Effects of coconut milk and brown sugar on crude toxins from mussels exposed to Pyrodinium bahamense var. compressa
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During a red tide episode caused by Pyrodinium bahamense var. compressa in Western Samar, Philippines in 1983, those who were taken ill after ingesting the green mussel, Perna viridis , resorted to drinking coconut milk (gata , Pilipino) with brown sugar or unpurified sugar lumps (tagapulot , Pilipino) as a temporary palliative, pending medical attention. Many victims felt relief after the drink. Crude toxins (CT) were extracted from P. viridis exposed to Pyrodinium using 0.1 N HCl and reacted with either or both 5% coconut milk (CM) and 5% brown sugar (BS) for an hour. The CT, CM, BS, CT + CM, CT + BS, and CT + CM + BS were assayed in duplicates for saxitoxin using the standard mouse toxicity test. CT with initial toxicity of 2,114 MU/100 g meat was substantially detoxified after a one-hour reaction. In CT + CM, the toxicity was 664 MU/100 g; in combined CT + CM + BS the toxicity was 1,005 MU/100 g. In medium- (436-563 MU/100 g) and low-toxicity extracts (160-231 MU/100 g) no deaths in mice were recorded within one hour of injection.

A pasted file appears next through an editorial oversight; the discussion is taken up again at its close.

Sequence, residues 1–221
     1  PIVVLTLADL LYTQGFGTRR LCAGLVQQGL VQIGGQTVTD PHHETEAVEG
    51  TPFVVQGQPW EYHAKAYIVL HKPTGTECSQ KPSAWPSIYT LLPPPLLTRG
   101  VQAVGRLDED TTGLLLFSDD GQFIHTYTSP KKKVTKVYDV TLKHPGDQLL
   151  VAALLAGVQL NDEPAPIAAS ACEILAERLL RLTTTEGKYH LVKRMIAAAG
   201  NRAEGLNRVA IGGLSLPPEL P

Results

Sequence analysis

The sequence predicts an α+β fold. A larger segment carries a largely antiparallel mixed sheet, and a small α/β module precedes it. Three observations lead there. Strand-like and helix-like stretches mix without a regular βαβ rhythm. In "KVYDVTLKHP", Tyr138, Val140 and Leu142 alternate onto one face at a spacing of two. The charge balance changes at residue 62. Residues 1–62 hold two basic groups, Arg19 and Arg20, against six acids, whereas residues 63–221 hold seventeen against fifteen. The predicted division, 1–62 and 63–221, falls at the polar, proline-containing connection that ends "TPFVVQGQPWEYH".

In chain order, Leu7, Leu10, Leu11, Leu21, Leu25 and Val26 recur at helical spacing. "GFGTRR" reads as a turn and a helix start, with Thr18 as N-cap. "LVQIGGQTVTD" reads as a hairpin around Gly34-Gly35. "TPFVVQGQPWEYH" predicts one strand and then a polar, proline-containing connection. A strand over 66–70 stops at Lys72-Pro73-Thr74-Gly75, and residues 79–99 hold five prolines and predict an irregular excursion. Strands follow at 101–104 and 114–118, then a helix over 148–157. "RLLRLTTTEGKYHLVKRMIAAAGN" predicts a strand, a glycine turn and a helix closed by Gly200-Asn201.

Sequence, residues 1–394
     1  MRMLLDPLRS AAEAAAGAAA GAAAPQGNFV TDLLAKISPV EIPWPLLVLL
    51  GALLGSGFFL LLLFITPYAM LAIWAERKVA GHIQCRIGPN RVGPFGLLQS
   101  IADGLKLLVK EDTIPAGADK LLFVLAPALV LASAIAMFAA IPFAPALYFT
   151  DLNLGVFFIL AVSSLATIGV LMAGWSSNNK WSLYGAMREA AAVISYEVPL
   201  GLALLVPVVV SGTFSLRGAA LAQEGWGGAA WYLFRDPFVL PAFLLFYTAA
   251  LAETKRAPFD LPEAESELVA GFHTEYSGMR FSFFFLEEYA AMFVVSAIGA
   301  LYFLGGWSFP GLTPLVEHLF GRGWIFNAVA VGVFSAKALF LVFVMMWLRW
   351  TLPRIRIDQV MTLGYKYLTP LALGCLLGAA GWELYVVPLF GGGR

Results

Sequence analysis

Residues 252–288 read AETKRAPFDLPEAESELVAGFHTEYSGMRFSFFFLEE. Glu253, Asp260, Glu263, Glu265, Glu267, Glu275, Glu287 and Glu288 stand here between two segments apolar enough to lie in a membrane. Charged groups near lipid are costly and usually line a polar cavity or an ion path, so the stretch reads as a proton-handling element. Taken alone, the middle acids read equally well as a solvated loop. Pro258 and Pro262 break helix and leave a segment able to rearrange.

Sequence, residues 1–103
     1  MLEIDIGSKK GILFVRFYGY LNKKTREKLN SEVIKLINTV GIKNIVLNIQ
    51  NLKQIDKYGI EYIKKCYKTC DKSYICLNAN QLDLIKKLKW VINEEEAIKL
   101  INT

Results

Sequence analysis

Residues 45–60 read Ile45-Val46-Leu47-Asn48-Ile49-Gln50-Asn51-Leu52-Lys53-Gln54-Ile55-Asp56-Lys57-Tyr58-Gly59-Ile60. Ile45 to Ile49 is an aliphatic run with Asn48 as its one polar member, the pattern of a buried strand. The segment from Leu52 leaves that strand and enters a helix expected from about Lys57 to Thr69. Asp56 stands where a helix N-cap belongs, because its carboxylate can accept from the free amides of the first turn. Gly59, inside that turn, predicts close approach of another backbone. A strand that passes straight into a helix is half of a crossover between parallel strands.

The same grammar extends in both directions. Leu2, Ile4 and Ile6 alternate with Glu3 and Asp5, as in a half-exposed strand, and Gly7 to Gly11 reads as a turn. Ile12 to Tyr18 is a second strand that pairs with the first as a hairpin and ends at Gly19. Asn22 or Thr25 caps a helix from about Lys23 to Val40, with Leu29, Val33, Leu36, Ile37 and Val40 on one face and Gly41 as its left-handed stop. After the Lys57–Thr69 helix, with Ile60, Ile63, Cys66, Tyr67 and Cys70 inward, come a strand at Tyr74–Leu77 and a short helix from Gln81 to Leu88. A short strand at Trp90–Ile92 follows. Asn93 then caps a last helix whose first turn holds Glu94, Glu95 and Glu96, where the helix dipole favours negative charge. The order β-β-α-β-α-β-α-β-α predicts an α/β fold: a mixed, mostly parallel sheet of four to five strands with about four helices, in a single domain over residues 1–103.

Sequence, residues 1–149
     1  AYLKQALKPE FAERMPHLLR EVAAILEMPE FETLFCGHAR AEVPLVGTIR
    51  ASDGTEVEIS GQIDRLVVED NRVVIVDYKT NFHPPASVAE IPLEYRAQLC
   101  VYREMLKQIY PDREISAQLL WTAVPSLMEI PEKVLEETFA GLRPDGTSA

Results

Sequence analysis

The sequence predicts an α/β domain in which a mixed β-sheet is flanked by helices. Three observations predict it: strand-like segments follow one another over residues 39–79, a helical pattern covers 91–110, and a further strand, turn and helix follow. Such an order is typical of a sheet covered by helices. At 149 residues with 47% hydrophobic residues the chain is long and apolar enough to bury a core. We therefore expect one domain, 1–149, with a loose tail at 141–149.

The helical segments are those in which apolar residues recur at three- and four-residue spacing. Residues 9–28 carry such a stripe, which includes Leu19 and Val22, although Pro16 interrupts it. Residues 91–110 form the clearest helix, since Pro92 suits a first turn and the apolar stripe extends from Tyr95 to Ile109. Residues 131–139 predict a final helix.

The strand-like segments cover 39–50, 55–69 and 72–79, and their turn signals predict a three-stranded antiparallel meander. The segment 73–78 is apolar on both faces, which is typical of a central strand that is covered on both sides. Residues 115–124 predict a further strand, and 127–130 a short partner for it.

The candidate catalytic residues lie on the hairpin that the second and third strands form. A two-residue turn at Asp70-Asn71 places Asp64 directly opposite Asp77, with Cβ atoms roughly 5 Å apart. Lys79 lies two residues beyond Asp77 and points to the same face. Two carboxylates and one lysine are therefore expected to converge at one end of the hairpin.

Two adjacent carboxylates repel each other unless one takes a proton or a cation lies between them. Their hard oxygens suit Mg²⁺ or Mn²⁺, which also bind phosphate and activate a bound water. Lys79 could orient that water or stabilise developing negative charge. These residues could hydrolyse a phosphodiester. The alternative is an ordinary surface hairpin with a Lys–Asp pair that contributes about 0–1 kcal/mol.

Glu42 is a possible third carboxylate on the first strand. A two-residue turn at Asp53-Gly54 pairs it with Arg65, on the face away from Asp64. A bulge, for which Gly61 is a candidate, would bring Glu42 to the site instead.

Gacutan, R. Q. (1986). Effects of coconut milk and brown sugar on crude toxins from mussels exposed to Pyrodinium bahamense var. compressa. In J. L. Maclean, L. B. Dizon, & L. V. Hosillos (Eds.), The First Asian Fisheries Forum: Proceedings of the First Asian Fisheries Forum, Manila, Philippines, 26-31 May 1986 (pp. 311–313). Manila, Philippines: Asian Fisheries Society.